A mother's breast milk could be tested to predict if she is at risk of developing breast cancer, scientists claim.
Cells within breast milk can be tested for certain genes linked to the disease. It is hoped that all women who give birth in hospital could provide milk for screening.
Scientists claim that, with 80 per cent of women giving birth, it would provide a cheap, simple way of assessing risk.
Researchers at the University of Massachusetts, collected 250 samples from mothers who'd had a biopsy for breast cancer. They then tested the DNA of the milk to see whether genes could identify early signs of the disease.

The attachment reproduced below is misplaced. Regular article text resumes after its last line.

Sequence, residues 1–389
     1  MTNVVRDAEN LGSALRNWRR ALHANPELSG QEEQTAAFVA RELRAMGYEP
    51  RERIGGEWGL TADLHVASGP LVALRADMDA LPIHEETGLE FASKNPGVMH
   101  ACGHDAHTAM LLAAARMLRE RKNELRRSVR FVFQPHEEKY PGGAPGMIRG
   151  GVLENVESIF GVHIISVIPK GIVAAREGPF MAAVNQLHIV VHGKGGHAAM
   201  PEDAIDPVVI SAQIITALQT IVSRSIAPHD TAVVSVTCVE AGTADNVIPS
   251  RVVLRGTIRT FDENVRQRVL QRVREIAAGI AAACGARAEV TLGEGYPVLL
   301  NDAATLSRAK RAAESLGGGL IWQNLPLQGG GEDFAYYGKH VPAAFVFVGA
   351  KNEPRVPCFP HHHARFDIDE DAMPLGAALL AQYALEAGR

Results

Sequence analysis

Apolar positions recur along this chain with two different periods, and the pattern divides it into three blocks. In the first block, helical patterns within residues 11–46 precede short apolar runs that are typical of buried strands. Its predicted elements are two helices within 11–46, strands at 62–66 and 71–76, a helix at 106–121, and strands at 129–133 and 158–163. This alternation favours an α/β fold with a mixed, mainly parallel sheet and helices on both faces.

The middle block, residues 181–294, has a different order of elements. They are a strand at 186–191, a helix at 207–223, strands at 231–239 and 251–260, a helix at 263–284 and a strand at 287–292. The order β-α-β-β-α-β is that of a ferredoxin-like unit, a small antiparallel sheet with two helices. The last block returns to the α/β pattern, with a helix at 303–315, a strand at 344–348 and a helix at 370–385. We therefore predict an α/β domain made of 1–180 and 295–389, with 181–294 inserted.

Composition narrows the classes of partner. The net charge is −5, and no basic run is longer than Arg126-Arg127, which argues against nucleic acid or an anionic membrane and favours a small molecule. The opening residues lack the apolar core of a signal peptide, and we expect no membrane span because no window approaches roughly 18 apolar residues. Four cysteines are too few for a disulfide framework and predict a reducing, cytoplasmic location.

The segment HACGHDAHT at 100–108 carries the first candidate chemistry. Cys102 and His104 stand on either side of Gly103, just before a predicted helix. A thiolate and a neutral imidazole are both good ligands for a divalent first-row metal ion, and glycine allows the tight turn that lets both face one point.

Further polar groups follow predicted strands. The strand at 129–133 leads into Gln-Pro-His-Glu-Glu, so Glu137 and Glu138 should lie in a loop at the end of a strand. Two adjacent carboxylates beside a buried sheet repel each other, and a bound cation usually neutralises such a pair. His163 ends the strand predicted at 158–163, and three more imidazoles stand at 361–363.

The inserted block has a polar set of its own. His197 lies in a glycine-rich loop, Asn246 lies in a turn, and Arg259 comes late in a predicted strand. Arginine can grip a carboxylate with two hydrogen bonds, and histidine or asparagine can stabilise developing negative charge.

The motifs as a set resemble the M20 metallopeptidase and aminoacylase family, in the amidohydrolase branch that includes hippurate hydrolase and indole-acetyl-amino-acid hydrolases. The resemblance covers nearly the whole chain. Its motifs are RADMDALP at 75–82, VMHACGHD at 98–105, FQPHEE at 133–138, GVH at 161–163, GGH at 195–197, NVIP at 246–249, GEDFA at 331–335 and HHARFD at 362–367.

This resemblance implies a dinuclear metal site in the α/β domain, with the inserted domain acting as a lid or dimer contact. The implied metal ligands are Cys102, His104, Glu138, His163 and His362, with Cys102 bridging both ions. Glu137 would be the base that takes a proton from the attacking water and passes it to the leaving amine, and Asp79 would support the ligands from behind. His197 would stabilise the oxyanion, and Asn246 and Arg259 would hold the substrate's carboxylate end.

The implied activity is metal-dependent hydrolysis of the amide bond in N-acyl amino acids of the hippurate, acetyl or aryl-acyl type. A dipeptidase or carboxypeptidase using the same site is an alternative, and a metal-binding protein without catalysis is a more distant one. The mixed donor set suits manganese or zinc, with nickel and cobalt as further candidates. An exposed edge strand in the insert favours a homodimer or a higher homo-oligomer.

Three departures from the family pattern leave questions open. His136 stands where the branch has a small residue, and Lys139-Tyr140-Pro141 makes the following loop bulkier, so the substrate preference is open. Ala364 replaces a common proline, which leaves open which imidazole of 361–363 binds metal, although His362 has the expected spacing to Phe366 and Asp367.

The study discovered that women whose biopsies suggested they had cancer also had signs of the disease in the milk cells.
Lead researcher Dr Kathleen Arcaro said that although the pilot study was small it was "sufficient to tell us we can use the cells in breast milk to assess breast cancer risk".